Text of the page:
Environment Now Releases Top So Cal Enviro Achievements

After so much bad environmental news, here’s a post that highlights some actual accomplishments just in case you fear they never occur.  Environment Now, a Southern California nonprofit group, has released its 6th Annual Top Achivements of the Environmental Community in Southern California.  The report includes the top achievements in six environmental areas; Sean Hecht and I served as judges for two of those (Climate and Energy for me, Freshwater Protection and Restoration for Sean).  The achivements are noteworthy and worth reading about in detail in the report.  Here’s a short synopsis of each:

Air Quality:  After years of negotiating with environmental groups, the Los Angeles Port adopted a Clean Truck Program that banned all pre-1989 trucks from the Port as of October, 2008.  Not only has the CTP been implemented effectively but in its first full year of implementation harmful emissions were down 70 percent compared with the previous year (though some of the reductions were due to the economic downturn.)

Climate and Energy For the first time ever, California has passed legislation to require its Energy Commission to develop energy efficiency standards for existing buildings.  A little known accomplishment, but one that could become a national model,  AB 758 (Bass-L.A. and Skinner-Berkeley) will focus the Commission on buildings that fall substantially below California’s efficiency standards for new buildings (Title 24).    Environment Now also recognized for honorable mention the the Obama Administration’s nationwide adoption  of California’s greenhouse gas emissions standards for cars.

Coastal Protection Environmental NGOs negotiated with Ventura County to adopt a sweeping municipal seperate storm sewer permit.  Noteworthy provisions of the permit include numeric limits for stormwater pollution and the establishment of waste load allocations to help the County meet requirements of the Clean Water Act to limit pollutants in water bodies to a total maximum daily load (TMDL).  If all of this seems arcane, it’s a huge accomplishment and helps close the gap in implementation of a key part of federal law.  Honorable mention also goes to the City of Los Angeles, prodded by a lawsuit by environmental groups, for reducing sewer spills by 77 percent compared with 1998 when the lawsuit was filed (the UCLA Frank G. Wells Environmental Law Clinic worked with the Santa Monica BayKeeper on the suit).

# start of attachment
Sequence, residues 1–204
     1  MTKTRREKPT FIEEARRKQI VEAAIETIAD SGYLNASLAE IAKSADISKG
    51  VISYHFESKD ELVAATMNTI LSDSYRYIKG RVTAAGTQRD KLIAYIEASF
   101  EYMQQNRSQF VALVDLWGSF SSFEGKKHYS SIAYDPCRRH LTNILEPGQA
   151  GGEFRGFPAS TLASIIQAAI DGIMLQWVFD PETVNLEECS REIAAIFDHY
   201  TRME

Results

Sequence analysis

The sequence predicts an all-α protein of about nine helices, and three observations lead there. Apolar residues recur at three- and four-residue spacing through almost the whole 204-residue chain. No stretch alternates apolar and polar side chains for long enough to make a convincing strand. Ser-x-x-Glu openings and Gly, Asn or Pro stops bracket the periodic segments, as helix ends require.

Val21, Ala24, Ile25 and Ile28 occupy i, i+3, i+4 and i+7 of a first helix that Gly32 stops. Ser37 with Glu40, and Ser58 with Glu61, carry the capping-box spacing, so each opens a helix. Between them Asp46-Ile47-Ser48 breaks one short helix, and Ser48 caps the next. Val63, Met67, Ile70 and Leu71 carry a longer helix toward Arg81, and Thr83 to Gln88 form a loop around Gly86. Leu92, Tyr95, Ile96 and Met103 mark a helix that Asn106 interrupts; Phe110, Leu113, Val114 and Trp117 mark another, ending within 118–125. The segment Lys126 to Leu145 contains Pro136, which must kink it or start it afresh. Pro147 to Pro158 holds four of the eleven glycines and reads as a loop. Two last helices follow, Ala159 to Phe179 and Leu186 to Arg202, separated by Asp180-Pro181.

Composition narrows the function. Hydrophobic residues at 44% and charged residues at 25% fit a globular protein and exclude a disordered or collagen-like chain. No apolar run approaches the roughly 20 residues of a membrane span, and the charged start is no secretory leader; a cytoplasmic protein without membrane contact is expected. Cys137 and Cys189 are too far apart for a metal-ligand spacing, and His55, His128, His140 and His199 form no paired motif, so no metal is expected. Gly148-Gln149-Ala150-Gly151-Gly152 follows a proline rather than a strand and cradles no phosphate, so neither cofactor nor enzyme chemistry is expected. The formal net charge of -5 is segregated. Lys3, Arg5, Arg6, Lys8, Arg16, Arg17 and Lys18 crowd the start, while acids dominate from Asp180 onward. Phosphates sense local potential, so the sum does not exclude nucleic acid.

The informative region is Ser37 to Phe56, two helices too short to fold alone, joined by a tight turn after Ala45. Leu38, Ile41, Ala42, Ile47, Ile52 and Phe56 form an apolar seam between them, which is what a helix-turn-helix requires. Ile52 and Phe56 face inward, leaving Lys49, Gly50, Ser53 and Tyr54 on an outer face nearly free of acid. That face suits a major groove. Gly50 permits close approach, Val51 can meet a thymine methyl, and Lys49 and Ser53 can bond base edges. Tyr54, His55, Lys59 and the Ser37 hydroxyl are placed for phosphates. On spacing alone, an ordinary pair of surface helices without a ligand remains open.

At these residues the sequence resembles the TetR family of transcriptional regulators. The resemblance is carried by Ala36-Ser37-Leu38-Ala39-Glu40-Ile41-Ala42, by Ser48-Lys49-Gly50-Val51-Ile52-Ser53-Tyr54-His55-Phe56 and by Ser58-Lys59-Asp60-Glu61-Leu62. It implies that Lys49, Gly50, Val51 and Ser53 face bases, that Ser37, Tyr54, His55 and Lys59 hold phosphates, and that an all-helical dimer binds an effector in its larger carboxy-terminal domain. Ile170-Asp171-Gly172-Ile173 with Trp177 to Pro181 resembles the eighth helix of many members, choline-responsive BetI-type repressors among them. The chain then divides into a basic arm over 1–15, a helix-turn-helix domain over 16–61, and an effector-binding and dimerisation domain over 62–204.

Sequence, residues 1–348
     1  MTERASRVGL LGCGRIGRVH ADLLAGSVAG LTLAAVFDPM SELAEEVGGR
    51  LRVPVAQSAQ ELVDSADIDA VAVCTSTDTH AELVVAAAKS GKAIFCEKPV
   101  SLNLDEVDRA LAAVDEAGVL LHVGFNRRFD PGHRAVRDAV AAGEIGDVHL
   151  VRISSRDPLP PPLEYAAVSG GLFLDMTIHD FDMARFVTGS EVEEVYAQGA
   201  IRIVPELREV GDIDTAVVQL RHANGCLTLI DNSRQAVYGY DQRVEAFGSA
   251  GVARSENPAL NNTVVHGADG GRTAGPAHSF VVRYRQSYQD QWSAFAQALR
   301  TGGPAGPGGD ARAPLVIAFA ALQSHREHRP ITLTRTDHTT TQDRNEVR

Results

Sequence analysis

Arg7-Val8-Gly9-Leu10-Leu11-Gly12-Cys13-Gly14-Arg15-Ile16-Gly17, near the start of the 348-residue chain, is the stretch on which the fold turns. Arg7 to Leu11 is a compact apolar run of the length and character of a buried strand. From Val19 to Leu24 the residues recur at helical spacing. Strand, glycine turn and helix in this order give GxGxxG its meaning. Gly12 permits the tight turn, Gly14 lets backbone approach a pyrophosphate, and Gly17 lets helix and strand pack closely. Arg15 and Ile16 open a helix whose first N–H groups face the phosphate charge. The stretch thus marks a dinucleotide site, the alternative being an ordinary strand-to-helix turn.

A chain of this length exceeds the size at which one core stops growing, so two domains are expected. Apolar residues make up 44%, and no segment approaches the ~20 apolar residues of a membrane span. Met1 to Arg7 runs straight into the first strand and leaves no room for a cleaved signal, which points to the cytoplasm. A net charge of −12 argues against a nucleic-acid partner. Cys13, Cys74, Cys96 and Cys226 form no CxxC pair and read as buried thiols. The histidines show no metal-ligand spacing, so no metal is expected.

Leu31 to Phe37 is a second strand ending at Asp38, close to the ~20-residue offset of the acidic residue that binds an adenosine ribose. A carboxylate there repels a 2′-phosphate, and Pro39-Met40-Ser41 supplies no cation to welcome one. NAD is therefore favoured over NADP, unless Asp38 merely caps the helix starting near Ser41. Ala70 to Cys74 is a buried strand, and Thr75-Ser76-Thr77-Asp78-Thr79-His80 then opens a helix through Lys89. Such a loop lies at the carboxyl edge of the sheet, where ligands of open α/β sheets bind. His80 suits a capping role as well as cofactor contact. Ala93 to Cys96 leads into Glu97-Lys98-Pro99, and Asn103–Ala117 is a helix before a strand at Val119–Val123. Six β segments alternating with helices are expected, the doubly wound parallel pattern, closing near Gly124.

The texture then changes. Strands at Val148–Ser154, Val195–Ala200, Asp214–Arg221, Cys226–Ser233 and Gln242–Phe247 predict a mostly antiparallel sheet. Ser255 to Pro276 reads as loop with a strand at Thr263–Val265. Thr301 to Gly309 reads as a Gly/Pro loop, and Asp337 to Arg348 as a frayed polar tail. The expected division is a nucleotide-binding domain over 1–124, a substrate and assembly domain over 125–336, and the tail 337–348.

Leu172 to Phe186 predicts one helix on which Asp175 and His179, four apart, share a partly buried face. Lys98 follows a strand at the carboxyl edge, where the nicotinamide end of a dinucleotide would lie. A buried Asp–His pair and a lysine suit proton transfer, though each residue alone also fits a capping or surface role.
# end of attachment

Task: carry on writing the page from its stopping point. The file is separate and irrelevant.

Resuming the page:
Forest Protection A coalition of environmental groups successfully challenged the adequacy of biological opinions issued in 2005 by the Forest Service to justify its forest management plans for four Southern California forests (yes we have forests in Southern California:  Angeles, Cleveland, Los Padres and San Bernadino).  The biological opinions were required to assess the effects of the management plans on endangered species in those forests (species include the California condor and the Peninsular bighourn sheep); in June of 2009 Judge Marilyn Patel found them to be inadequate.  The lawsuit should prod the Forest Service to adopt plans that provide far more environmental protection for area forests.

Freshwater Protection and Restoration The New River, which flows northward from Baja California through border towns Mexicali and Calexico and feeds into the Salton Sea, has been described as “the most polluted river of its size” in the U.S.  After years of advocacy and pressure, the clean up of the River should begin in earnest with input from community leaders.  Close to $5 million has been allocated for the work.

Land Use, Smart Growth, Open Space So much for good environmental news.  Judges found the setbacks in this area so large they thought setbacks were more important to highlight, though they did applaud the fact that environmetnal groups successfully blocked a portion of the proposed Mid County Parkway in Riverside County.  The two major setbacks included Kern County approval of the environmental review documents for development of the largest block of private land in the entire state, Tejon Mountain Village.  The land is ecologically very important and hosts important habitat, scenery and wildlife.  Environmental groups have challenged the approval.  The second setback is a legislative exemption from the California Environmental Quality Act for a proposed NFL football stadium in the City of Industry.